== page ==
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Anniversary of march discusses new problems

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On Jan. 21, 2017, almost 500,000 women and men gathered on the streets of Washington D.C. for a protest for women’s rights. Throughout the day, signs displaying phrases such as “Women’s Rights are Human Rights” and “Respect Existence or Expect Resistance” helped articulate the frustration many women felt leading up to this event. This was partially due to the result of the 2016 presidential election and coincided with the inauguration of President Trump.

Last year on this date, I attended the women’s march in Lake Eola. That was my first time attending an event like this, and seeing so many strong men and women fighting for equality inspired and motivated me to keep standing up to oppression whenever it presents itself.

During the year following the initial march, many political and social events, including scandals, were broadcast almost every week, involving policies advanced by the Trump administration and stemming from the Hollywood film industry. These incidents and many others all modeled the theme of the 2018 Women’s March, #PowertothePolls, which emphasized the importance of voter participation, with a focus on this year’s midterm election, which will occur on Tuesday, Nov. 6, 2018.

This election will contest all 435 seats of the House of Representatives and 33 seats in the Senate. This election also includes many gubernatorial races and local elections. Unfortunately, a bad case of pink eye prevented me from attending the 2018 Women’s March at Lake Eola, but seeing pictures on social media and on various news organizations helped me feel connected to the movement once again.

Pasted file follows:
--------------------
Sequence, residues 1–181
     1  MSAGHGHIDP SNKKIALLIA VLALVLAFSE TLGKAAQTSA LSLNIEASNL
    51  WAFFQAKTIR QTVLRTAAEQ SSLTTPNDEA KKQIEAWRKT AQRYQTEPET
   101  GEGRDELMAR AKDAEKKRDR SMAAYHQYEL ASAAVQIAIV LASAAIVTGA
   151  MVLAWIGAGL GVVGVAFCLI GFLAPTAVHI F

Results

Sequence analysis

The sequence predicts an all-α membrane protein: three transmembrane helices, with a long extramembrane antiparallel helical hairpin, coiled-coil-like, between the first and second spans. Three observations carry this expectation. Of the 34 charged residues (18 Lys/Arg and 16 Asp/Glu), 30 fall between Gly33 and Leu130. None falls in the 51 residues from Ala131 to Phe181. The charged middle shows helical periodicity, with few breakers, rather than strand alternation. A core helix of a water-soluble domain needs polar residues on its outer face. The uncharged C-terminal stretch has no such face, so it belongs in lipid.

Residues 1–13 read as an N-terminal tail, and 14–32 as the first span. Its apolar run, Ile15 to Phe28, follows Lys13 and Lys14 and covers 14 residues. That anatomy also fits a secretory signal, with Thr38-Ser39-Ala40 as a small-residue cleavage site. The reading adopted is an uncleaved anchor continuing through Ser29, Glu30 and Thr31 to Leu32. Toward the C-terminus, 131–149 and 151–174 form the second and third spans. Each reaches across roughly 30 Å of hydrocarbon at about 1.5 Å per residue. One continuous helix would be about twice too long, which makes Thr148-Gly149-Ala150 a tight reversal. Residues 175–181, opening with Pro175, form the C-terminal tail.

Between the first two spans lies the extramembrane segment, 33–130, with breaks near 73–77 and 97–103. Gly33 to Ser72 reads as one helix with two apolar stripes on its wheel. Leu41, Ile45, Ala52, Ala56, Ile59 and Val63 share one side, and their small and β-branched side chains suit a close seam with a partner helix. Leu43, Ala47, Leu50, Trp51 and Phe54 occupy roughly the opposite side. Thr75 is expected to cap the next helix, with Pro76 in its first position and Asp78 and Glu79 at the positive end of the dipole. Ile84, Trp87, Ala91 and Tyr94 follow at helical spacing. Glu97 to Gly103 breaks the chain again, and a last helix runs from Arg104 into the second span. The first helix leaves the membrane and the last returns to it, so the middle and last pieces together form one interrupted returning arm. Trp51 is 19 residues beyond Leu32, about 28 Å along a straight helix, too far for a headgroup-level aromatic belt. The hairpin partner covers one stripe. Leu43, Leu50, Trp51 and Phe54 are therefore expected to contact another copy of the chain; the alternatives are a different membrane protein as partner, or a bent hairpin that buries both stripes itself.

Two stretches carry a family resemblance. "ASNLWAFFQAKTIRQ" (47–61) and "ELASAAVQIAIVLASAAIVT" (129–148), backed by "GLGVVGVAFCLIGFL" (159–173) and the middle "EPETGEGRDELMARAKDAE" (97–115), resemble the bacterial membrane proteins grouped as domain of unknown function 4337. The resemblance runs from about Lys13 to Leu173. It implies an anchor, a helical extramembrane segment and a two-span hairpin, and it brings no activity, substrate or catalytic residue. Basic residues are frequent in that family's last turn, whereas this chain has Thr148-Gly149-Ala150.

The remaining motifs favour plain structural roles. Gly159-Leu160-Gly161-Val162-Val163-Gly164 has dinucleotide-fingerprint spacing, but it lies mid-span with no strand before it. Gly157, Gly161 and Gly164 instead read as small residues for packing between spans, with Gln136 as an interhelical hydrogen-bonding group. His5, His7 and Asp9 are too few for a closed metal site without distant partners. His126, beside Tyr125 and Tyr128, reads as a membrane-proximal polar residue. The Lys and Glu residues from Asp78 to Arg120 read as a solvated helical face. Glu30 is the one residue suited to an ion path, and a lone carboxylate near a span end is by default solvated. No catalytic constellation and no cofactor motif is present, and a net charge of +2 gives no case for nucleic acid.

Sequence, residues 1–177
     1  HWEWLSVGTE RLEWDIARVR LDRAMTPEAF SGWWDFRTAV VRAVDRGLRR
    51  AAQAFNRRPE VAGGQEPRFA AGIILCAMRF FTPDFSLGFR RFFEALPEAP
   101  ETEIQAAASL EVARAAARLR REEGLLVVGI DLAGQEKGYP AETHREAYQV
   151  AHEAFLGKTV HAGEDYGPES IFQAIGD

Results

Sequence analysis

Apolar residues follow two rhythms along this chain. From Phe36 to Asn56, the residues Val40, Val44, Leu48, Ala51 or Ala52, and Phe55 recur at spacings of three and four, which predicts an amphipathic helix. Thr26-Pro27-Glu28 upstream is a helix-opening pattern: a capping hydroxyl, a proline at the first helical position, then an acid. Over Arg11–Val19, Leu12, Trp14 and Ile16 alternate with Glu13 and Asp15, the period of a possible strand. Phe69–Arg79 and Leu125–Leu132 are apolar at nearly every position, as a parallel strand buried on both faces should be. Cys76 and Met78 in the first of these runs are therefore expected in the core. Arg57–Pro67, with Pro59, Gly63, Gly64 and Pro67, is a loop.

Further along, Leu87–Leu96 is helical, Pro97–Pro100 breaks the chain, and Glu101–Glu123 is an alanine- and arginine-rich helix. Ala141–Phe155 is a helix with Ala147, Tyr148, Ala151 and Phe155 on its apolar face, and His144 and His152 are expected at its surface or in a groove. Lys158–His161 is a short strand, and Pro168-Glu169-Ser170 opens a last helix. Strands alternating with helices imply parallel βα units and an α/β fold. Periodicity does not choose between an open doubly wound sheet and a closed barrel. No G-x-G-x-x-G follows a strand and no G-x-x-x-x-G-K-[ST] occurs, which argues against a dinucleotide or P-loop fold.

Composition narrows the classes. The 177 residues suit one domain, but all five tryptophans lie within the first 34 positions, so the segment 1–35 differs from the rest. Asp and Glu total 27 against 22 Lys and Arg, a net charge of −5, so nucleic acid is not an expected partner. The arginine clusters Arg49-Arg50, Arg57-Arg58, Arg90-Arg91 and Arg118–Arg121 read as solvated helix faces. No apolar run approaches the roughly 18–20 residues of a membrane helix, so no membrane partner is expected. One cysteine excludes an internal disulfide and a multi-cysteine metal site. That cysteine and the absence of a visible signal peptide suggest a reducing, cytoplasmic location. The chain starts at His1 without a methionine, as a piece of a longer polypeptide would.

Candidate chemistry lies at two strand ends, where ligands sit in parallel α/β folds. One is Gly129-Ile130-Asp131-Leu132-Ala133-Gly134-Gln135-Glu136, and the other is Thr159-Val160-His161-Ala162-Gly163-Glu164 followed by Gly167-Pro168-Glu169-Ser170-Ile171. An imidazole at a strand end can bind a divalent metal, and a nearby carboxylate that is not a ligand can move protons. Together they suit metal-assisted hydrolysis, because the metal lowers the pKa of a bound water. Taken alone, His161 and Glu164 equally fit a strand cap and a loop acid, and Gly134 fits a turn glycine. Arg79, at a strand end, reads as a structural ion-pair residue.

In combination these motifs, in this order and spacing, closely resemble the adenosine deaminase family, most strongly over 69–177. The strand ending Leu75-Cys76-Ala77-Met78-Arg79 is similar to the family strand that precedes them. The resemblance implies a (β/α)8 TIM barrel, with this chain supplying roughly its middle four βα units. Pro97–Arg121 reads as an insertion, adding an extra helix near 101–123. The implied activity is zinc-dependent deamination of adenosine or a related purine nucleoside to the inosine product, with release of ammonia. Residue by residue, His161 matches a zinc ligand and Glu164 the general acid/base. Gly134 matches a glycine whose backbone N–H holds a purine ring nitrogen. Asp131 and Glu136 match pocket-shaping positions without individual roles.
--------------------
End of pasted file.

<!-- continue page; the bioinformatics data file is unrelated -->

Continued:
These recent marches have paralleled other equal rights movements throughout American history. One of the most famous of these movements was the Suffrage Movement in the early 1900s, which was in support of women’s right to vote. The movement included many protests similar to the marches in 2018, where women expressed their opposition to the political organization of their present society.

One of the largest parades took place on Mar. 3, 1913, one day before the inauguration of President Woodrow Wilson. The timing of this event was due to Wilson’s empty support of the movement at the time of his inauguration. This movement is similar to current events to the extent that President Trump’s recorded words and purported actions during his campaign for President did not engender a feeling of equality or equal rights among many women voters.

President Wilson eventually showed his support for a suffrage amendment in January of 1918. With his support, the 19th Amendment to the U.S. Constitution was ratified on Aug. 26, 1920, and women were finally granted the right to vote.

My hope for the modern women’s marches is one similar to the this, in which the grievances that women are expressing concerning equal opportunity and treatment are heard and addressed by the government.

Though about 100 years separate the Suffrage Movement from the incredible movement that has unfolded over the past few years, I foresee that this movement will continue to unite women all across the nation for the noble cause of equality.  While the result may not be as grand as a Constitutional amendment, the result could and should have a major impact on the lives of women in our country.

I encourage all the young people (old enough to vote) to let your voices be heard this November and bring your #PowerToThePolls.

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Anniversary of march discusses new problems